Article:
Reality Check: Most vegans (and animal rights activists) in the United States live privileged lives and consume food that -- by definition -- requires the widespread destruction of habitats and the sentient beings who need those habitats. Yet these same folks choose an arbitrary point on the harm reduction continuum and righteously proclaim it to be a virtually non-negotiable baseline? How convenient.
Where’s the discussion of sweatshops and slave labor? GMOs, chemicals, and pesticides? Counter-recruitment and war tax resistance? If the reduction of suffering is your stated goal, why not go much further with your personal choices? Choose freeganism, junk your car, refuse to breed, become a locavore, live off the grid, grow your own food, etc. etc. etc.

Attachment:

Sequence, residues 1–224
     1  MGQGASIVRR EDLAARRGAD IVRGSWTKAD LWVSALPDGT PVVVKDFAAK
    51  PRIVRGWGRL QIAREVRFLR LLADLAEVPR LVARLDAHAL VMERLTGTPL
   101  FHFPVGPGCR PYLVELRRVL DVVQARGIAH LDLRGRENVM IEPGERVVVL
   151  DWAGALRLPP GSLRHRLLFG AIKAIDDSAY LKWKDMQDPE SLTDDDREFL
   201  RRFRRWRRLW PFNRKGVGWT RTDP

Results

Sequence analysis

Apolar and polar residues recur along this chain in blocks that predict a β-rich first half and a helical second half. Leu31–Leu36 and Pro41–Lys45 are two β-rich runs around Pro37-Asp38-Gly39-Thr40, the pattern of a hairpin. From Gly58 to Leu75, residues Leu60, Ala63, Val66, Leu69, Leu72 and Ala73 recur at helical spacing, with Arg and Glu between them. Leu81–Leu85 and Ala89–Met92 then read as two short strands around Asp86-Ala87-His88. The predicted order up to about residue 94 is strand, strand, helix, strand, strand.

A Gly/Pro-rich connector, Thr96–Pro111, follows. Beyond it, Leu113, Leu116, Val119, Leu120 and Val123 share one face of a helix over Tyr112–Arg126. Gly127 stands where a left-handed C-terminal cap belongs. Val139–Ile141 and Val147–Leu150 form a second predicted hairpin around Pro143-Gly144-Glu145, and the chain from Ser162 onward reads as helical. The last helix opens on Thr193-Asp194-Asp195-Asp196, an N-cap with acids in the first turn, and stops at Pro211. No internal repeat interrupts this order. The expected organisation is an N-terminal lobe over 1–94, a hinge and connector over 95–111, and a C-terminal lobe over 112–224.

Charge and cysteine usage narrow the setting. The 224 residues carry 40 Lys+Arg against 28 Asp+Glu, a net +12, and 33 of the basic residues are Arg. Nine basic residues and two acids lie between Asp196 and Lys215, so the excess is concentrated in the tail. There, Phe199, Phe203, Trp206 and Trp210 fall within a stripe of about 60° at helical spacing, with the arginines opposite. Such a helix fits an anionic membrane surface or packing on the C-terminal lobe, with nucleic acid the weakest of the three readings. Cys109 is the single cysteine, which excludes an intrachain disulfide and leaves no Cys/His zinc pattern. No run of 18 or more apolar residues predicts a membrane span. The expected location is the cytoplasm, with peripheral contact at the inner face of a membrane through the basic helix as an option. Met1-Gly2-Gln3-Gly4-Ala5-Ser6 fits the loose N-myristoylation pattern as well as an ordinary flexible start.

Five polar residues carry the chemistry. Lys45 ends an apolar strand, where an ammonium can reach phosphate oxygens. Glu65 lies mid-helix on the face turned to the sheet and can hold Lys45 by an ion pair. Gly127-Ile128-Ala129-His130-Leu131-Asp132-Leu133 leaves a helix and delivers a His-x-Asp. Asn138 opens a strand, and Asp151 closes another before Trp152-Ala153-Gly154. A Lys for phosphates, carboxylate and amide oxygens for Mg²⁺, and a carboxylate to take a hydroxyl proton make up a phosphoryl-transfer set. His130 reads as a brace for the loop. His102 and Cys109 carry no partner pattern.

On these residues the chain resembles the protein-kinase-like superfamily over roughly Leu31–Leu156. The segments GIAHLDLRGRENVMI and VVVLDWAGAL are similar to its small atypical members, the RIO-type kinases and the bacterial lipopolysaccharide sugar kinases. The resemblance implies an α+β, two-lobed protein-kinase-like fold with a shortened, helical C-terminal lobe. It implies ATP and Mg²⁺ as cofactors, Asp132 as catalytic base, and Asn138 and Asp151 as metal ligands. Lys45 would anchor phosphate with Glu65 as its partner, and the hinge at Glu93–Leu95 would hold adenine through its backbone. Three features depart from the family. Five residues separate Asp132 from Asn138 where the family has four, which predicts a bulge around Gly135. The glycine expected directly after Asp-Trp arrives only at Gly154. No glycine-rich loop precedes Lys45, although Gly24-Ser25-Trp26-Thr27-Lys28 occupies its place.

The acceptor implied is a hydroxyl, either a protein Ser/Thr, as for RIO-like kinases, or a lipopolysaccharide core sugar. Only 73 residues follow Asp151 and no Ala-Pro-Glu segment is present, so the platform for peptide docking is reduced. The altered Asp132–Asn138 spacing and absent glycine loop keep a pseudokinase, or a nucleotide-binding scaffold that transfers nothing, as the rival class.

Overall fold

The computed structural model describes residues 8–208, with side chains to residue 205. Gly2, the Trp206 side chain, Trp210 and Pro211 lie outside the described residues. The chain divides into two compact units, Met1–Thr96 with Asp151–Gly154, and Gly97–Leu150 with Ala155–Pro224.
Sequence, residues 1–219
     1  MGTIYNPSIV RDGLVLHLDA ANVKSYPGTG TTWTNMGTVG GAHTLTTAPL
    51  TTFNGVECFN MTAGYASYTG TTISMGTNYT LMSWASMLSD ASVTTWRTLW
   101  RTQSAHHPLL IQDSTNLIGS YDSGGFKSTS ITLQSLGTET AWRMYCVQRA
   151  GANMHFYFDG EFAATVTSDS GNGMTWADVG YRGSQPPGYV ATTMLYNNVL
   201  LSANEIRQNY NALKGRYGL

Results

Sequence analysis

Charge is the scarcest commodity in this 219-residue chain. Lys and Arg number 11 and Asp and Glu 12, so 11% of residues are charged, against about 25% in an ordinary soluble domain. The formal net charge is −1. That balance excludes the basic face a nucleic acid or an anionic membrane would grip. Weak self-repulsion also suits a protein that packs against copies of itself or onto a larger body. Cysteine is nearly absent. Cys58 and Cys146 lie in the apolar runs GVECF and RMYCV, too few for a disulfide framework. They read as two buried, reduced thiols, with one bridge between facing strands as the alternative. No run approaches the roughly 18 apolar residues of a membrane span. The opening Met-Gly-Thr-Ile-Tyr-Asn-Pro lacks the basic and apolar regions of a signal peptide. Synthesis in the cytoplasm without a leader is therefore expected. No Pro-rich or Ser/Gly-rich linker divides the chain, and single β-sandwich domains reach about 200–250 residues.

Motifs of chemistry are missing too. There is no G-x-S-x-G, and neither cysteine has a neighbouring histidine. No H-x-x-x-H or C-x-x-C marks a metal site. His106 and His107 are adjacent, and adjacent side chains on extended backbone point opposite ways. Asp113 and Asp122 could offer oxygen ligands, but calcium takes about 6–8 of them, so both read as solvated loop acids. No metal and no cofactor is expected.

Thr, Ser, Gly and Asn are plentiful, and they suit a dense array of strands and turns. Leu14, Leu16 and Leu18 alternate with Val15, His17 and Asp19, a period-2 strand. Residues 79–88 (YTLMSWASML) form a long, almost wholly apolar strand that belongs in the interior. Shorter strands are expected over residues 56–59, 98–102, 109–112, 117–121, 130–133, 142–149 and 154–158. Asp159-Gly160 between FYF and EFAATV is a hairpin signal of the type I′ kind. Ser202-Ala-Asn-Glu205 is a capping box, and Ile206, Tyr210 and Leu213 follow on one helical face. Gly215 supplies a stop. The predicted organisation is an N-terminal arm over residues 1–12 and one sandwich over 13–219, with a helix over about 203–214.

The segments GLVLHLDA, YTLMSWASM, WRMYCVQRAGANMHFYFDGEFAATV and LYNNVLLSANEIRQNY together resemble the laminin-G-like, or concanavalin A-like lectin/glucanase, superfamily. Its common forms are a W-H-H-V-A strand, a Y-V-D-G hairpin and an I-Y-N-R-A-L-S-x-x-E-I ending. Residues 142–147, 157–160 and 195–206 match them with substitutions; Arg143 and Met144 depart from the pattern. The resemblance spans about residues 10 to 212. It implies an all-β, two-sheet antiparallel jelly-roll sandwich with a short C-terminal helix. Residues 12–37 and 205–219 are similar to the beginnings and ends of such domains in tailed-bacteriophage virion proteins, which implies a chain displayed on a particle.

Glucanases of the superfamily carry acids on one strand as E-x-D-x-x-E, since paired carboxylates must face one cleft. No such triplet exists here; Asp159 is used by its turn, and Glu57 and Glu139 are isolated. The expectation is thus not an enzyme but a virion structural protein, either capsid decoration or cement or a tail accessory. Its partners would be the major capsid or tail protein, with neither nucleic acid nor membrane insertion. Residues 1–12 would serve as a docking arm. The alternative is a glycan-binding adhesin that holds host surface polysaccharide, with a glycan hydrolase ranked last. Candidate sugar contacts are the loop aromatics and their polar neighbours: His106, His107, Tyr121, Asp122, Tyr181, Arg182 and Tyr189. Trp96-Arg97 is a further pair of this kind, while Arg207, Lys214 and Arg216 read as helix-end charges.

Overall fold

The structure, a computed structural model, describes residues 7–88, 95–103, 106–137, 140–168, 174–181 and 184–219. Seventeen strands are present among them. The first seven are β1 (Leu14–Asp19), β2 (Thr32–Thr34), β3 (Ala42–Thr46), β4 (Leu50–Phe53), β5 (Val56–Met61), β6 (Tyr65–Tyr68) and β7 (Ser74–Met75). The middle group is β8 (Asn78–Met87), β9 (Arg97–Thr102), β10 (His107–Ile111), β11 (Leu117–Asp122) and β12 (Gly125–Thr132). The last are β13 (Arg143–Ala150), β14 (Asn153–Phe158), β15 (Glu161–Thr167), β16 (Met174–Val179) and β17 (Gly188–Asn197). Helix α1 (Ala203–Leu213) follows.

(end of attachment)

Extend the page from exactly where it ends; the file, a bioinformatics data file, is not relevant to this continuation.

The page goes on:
Why in the world is veganism -- a corporate/consumer lifestyle responsible for incalculable non-human deaths -- anyone’s final moral destination?
I’ve been a vegan for two decades so, yeah, I know exactly what comes next because I’ve made this “counterpoint” so many times myself: But there’s a difference between accidental and intentional killing.
Here’s how a former vegan explains and dismantles this vegan comeback: “They might illustrate this point by distinguishing between intentionally stabbing someone to death and accidentally hitting someone with your car. A problem with this is this is that yes, the intentional murder is worse, but involuntary manslaughter is a crime too. So why is involuntary manslaughter an offense when committed against a human, but involuntary animal slaughter is morally neutral? That only makes sense if you believe that the death of an animal matters less than the death of a human, a speciesist belief that allows for the possibility of willful animal slaughter.”